Satisfied with the robustness of the QSPR model developed using the training set, we applied the QSPR model to an external data set of 17 mycotoxins comprising the test set. The predicted results are given in _{R} values for the test set for both models is significant.

The statistical parameters calculated for the MLR and SVM models are represented in _{R} and their electronic and thermodynamic descriptors, while model using SVM based on these same sets of descriptors produced an even better model with a better predictive ability than the MLR model. SVM performs better on the whole due to embodying the structural risk minimization principle and the advantage over other techniques of converging to the global optimum and not to a local optimum.

Once a QSPR model is obtained, another crucial problem is the definition of its applicability domain (AD). For any QSPR model, only the predictions for chemicals falling within its AD can be considered reliable and not model extrapolations. There are several methods for defining the AD of QSPR models [

where

where ^{*}) suggested that the compound was very influential on the model. Secondly, it presented the Euclidean distances of the compounds to the model measured by the cross-validated standardized residuals. The cross-validated standardized residuals greater than three standard deviation (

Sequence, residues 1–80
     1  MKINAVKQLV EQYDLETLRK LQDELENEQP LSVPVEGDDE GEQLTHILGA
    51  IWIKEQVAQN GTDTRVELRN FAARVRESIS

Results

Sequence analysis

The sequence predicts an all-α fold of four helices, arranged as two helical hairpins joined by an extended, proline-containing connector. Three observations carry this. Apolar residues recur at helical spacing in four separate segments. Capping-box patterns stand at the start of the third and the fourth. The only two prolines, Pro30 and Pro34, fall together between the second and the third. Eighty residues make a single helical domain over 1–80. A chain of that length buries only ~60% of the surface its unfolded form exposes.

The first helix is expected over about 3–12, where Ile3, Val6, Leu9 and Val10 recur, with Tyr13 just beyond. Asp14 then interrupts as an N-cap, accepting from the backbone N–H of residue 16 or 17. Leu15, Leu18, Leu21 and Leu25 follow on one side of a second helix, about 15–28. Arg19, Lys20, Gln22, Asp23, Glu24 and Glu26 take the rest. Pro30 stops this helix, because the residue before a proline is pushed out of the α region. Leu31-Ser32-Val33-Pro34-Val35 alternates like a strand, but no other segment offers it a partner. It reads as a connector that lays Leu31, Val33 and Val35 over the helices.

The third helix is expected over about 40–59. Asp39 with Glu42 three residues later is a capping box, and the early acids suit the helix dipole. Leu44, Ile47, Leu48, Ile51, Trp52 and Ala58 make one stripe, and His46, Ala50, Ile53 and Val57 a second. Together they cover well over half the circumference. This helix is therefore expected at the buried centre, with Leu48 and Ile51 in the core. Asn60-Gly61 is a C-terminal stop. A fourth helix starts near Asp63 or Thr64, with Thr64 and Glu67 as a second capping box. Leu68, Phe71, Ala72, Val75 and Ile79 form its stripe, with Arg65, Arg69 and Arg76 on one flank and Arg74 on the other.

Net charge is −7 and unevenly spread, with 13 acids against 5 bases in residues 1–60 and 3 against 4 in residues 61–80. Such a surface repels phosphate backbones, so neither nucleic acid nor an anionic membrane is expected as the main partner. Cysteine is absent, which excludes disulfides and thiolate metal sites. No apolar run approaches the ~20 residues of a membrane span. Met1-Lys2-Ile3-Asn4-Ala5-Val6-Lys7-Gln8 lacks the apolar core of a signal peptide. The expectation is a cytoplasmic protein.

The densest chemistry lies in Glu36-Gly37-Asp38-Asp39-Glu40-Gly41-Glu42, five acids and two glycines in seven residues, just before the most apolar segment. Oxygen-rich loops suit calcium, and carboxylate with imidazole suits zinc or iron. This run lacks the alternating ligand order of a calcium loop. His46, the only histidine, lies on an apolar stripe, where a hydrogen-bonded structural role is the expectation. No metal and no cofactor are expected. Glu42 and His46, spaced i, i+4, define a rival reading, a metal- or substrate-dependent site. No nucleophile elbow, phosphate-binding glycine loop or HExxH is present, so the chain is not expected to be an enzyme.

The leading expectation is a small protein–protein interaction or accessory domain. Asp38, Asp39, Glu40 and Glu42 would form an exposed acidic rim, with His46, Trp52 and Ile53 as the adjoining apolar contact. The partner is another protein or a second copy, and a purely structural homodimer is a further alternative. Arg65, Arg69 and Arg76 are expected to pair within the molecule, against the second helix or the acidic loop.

The Williams plot for the presented SVM model is shown in ^{*} of 0.3. For making predictions, predicted t_{R} data must be considered reliable only for those compounds that fall within this AD on which the model was constructed. It can be seen from ^{*}). These erroneous predictions could probably be attributed to wrong experimental data rather than to molecular structures [

By interpreting the descriptors in the regression model, it is possible to gain some insight into factors that are likely to govern the retention time of mycotoxins. In regard to this point that all the descriptors in the final model together attributethe same property or activity, each one of the descriptors or their related coefficient takes into account a definitive amount of variance within property. However it can be concluded that the interpretation of a combination set of the descriptors would be much better than considering the result of the single descriptors. Of the four descriptors, C logP is thermodynamic and LUMO, DPLL and ElcE are electronic descriptors.